Last week was Baotris’ quarterly off-site meeting where all members of our remote-first company flew to a destination (Los Angeles) and we spent four days together working on goals, strategy, team-building, and fixing bottlenecks. Off site meetings come in various shapes and sizes, but because we do not see each other in person day-to-day, remote team offsites help us move faster in an aligned and strategic way.
Honestly, yes, time in-person when you are a remote company can help your team stay aligned so that you’re all moving in the same direction and working on the most immediate and most important company goals. Offsites also give everyone time to build and grow relationships with each other so that company-destroying cultural problems never exist in the first place. We are always one team with everyone contributing towards the same goals.
Our CEO and Co-Founder John Cheng mentioned at the end of the offsite how refreshed the week made him feel and the team agreed. So much so that we have opted to add time monthly to meet in person for one day with a focus on company growth and strategy, giving us more in-person touch points between our quarterly offsites. We find there to be much power in an in-person offsite for a remote team.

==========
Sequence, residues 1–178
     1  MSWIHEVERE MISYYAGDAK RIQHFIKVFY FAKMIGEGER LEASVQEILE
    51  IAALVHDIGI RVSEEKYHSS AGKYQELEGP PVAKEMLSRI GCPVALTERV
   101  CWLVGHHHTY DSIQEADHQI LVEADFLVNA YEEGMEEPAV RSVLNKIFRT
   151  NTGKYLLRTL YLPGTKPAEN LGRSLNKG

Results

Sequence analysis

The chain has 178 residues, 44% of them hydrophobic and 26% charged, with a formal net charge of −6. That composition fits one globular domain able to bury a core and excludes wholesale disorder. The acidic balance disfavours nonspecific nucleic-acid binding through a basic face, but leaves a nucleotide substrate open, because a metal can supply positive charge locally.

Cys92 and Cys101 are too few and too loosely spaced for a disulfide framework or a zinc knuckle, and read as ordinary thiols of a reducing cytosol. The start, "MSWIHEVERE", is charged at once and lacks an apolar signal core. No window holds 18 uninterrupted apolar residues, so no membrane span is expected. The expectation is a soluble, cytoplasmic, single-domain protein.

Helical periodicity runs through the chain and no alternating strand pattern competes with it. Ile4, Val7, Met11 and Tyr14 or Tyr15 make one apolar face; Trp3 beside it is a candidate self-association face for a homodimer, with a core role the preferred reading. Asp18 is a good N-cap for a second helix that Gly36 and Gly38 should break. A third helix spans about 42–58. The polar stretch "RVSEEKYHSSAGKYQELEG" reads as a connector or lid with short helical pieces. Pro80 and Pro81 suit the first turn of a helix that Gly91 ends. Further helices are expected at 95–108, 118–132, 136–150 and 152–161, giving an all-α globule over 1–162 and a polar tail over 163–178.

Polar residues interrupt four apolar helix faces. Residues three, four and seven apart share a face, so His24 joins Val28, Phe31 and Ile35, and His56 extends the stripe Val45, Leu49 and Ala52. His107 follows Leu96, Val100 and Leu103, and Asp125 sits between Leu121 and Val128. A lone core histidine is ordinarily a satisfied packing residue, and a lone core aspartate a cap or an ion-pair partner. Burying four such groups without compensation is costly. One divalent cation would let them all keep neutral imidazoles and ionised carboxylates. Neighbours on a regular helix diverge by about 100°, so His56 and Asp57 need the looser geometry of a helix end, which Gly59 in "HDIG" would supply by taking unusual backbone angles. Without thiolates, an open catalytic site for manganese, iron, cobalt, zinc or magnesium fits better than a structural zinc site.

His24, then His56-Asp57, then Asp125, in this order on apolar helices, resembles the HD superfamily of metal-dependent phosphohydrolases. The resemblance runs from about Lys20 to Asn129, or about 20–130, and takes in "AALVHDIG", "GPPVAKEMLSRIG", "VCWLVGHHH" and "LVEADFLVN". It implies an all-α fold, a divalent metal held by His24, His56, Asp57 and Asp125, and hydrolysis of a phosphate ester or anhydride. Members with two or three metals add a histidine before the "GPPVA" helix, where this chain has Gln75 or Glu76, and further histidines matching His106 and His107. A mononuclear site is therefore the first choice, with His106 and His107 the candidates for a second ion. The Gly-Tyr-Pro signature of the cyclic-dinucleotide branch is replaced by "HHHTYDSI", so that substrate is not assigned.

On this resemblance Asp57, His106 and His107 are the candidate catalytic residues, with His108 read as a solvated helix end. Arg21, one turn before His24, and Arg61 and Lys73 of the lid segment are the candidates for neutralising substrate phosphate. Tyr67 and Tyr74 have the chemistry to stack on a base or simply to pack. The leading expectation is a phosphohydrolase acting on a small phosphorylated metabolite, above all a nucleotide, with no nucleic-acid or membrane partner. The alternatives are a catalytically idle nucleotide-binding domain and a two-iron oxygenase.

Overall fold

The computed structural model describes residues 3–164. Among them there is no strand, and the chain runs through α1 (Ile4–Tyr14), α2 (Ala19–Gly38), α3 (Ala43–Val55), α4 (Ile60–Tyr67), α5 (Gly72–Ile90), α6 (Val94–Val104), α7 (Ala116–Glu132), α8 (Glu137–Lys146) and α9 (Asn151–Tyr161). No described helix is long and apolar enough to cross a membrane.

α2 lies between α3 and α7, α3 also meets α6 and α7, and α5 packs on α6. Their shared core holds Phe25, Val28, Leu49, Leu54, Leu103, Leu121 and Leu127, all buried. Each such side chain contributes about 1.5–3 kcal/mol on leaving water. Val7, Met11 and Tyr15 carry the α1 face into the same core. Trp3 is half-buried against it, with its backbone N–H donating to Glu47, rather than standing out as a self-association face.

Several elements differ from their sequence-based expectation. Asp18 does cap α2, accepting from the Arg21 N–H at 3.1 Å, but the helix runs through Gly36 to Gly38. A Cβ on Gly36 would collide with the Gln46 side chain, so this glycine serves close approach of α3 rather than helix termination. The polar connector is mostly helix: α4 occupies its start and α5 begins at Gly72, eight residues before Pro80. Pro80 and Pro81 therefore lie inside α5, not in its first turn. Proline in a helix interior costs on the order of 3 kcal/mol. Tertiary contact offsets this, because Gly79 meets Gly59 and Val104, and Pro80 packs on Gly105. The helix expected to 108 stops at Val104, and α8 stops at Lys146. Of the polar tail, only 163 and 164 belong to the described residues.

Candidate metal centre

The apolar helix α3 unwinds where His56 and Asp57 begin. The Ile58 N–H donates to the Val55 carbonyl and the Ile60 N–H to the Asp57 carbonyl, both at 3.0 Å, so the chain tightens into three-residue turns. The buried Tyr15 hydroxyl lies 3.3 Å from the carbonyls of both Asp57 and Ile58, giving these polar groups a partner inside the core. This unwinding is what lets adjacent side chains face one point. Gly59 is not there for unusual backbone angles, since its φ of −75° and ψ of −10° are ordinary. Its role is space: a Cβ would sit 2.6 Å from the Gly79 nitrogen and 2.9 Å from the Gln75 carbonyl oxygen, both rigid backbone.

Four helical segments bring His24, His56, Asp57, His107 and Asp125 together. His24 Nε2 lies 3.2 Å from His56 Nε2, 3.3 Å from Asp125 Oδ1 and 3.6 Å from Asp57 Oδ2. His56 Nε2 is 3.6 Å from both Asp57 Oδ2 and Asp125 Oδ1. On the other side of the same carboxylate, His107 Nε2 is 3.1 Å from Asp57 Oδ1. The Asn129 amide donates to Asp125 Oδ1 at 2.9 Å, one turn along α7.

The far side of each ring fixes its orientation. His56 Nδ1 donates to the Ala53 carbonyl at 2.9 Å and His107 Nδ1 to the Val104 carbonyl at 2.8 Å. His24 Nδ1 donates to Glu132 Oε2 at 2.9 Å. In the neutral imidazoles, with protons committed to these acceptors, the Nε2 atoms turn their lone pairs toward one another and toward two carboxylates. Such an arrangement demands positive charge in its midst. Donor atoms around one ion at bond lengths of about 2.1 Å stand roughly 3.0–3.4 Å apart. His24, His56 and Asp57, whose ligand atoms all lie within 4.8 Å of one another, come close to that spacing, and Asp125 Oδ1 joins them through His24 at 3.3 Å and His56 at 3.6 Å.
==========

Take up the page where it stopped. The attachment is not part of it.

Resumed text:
As mentioned, we like to run full offsite meetings quarterly for 3.5 days and will now be adding an additional 1 day for the months between. This is however no magic cadence. While I think the minimum would be once a year, especially for larger companies, teams should be meeting more frequently. Team offsite meetings can happen 2-4 times a year, depending on size and feasibility.
Offsites are a dedication of time and resources (read: money) so it’s important to make sure that each offsite is planned with purpose and intent and not just something that happens because it has happened in the past and is now expected to continue. Setting goals for an offsite can be something large and lofty such as yearly or quarterly goal planning, or just spending time in-person to come together around set goals so everyone can understand where your company plans to go this year and come up with a plan to get there.
Because this is your time for your team or company to be in-person, be sure to prioritize deep, collaborative work that’s hard to pull off in a remote environment. Plan one or two goals for the offsite so that you’re not tempted to cram too much in. For a team that is normally remote, being together all day for a few days can be mentally exhausting so pick a goal or a topic that is important to your company (as will still be important by the time the offsite happens).